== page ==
Vitamin D (the sunshine vitamin) is produced by the body as a response to sun exposure; it can also be consumed in food or supplements.
Vitamin D has multiple roles in the body including:
Despite the name, vitamin D is considered a pro-hormone and not actually a vitamin. Vitamins are nutrients that cannot be created by the body and therefore must be taken in through our diet. However, vitamin D is synthesized by our body when sunlight hits our skin.
It is estimated that sensible sun exposure on bare skin for 5-10 minutes 2-3 times per week allows most people to produce sufficient vitamin D. However, the sun in the UK is not actually strong enough to have this effect between the months of September and April and even in the summertime it is only strong enough in the middle of the day, that is, if it’s even shining. Also, vitamin D is fat soluble and breaks down quite quickly.
There are dietary sources of vitamin D such as oily fish (salmon, herring, sardines, tuna), mushrooms, cod liver oil and egg yokes. Some foods, such as breakfast cereals, are fortified with vitamin D.
Did you know that by the end of winter, 87% of people have below optimum vitamin D levels in their systems and nearly half of people are severely deficient (a level of less than 40 mol/L)? Factors such as obesity, older age and having darker skin tones can boost that number to 100%.
Appart from the fact that Vitamin D is essential for normal immune function - ever notice how everyone get more colds and take longer to recover in winter? Deficiency in this vitamin will also have a negative effect on mood - seasonal affective disorder/depression (SAD) anyone?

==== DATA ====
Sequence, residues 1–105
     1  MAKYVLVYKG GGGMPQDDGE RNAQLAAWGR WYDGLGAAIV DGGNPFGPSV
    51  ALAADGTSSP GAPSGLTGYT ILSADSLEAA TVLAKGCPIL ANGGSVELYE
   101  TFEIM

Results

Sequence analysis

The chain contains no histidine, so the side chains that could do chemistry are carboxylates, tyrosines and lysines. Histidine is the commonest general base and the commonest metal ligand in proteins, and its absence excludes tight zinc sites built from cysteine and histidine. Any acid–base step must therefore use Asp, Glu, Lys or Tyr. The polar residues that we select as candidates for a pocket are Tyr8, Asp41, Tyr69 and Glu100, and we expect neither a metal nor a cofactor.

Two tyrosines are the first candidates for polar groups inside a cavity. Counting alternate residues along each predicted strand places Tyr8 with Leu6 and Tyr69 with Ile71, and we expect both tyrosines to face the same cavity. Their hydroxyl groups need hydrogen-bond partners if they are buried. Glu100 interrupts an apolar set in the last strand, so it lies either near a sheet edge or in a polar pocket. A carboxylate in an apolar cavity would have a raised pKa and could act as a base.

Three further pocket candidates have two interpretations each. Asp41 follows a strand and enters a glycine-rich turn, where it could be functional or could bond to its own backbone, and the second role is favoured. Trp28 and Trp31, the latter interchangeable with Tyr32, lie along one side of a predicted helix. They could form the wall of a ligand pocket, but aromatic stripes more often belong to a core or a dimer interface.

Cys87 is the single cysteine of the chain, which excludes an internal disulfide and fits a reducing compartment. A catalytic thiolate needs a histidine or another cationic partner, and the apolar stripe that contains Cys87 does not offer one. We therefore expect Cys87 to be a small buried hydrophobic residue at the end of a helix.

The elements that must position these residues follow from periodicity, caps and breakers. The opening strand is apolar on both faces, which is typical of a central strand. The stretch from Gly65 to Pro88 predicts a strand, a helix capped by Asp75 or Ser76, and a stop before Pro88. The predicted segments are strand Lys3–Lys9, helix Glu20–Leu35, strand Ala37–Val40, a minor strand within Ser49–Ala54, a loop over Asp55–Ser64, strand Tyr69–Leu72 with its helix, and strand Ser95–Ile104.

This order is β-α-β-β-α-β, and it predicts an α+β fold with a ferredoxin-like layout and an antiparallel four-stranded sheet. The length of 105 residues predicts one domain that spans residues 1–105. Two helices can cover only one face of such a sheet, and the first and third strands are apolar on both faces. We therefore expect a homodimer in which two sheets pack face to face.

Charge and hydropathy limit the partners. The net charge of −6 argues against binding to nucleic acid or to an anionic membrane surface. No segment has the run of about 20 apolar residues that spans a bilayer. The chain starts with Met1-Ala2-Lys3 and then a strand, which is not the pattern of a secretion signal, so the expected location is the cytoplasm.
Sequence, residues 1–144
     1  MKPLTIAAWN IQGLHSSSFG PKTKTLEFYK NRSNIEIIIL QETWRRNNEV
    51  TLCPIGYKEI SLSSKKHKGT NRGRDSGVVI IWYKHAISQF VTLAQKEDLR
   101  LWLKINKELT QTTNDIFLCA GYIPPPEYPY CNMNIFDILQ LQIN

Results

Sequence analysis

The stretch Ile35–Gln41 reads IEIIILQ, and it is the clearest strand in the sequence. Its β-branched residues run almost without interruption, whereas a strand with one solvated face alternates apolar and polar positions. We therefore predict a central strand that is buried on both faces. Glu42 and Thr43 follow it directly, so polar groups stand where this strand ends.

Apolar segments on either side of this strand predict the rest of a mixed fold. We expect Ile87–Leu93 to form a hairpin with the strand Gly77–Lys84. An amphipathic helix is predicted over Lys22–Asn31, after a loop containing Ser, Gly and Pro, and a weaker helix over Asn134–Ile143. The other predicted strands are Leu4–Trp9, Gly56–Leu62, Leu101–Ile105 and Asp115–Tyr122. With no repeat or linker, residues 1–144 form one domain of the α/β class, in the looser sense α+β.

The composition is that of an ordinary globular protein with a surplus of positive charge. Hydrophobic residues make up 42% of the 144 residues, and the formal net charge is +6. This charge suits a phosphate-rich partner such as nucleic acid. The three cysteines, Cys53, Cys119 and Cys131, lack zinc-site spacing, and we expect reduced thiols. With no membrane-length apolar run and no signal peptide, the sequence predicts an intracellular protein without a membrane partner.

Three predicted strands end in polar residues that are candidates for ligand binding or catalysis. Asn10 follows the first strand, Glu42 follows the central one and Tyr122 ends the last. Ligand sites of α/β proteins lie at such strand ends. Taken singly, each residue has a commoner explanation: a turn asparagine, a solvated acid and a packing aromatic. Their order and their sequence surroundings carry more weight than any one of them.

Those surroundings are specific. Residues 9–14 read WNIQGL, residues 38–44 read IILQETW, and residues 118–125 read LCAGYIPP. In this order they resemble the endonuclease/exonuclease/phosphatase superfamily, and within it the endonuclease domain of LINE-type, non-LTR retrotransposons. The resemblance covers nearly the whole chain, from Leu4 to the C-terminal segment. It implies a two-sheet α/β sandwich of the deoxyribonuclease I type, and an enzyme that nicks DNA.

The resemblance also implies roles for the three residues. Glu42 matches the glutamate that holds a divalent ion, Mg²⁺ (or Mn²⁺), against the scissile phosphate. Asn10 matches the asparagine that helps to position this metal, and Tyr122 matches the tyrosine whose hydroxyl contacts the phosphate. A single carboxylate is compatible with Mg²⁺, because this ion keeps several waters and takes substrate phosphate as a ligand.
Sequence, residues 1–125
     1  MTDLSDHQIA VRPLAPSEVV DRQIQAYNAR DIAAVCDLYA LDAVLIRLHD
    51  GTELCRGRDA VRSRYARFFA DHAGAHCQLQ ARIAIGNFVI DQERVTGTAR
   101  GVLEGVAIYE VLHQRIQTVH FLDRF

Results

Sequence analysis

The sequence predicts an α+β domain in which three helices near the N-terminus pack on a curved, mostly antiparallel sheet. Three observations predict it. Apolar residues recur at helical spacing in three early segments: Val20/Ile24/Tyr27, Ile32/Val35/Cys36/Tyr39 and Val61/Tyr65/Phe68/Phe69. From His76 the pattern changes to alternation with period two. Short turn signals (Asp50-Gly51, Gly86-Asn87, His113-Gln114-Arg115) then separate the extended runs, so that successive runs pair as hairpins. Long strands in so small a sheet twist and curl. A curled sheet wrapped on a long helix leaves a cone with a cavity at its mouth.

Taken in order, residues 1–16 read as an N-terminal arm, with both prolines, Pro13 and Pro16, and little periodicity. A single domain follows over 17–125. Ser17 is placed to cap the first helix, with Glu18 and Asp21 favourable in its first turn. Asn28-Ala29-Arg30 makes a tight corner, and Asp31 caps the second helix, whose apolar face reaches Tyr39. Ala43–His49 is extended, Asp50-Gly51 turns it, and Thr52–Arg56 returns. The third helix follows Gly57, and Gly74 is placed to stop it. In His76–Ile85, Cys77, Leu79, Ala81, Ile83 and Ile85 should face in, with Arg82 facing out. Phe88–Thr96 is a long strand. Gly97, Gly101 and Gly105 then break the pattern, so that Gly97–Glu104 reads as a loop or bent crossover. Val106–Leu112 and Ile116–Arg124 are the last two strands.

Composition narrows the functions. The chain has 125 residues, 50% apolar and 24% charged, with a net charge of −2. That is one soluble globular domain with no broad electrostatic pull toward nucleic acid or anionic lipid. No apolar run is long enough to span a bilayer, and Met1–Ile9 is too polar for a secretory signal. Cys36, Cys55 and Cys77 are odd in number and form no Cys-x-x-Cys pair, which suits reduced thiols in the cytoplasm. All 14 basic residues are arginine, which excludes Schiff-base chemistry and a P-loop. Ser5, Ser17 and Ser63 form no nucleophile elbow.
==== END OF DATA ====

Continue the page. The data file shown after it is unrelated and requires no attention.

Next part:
Being vitamin D deficient can result in persistent pain, loss of bone density, early morning stiffness, low mood and depression, behavioural issues, reduced immune function and fatigue.
Most GPs don’t test for vitamin D deficiency as it’s so common. However if you suspect that some of your health problems may be due to vitamin D deficiency it is a good idea to get tested, this way you can retest following treatment and measure the results. You may wish to do this through your GP but it is affordable to do it privately at about £30 a postage test. If you have been on the NHS route and identified as needing supplementation (we suggest that a level of anything lower than 75 nmol/L is insufficient and needs supplementing) then you may have been prescribed Calichew D forte. This is just vitamin D3 infused chalk.
Calichew D forte is very poorly absorbed and, therefore, pretty useless. Even if it could get absorbed properly, there are only 400 iu per 10 mcg of vitamin D per chew. To give that perspective, full-body sun exposure with no lotion – which we don’t advise – can produce 20,000 iu (500mcg) vitamin D in just 20 minutes. There’s no way Calichew can compete. It lacks the dosage a person needs to get the therapeutic benefit and won’t restore a person's usual vitamin D level if they’re depleted.
We at C3 Cathedral Chiropractic still want to help as, if you are low or defficient in vitamin D, manual therapy every single day won't solve all your aches and pains. Replenishing your bodies reserves with high quality vitamin plus vitamin K2 for extra help with metabolism, will help to reduce your sensitivity to pain and enable your immune system to do its job and heal you.
We do sell a very good vitamin D3 4000iu (100mcg) plus K2 supplement in clinic, it is £13.50 for 90 tablets (15p a day!).
The current upper recommended limit is 4000 IU per day. However current studies suggest that toxicity is unlikely to occur at daily intakes below 10,000 IU.
For a great You Tube review of a recent published article on the benefits of vitamin D supplementation on Covid 19 infection click here.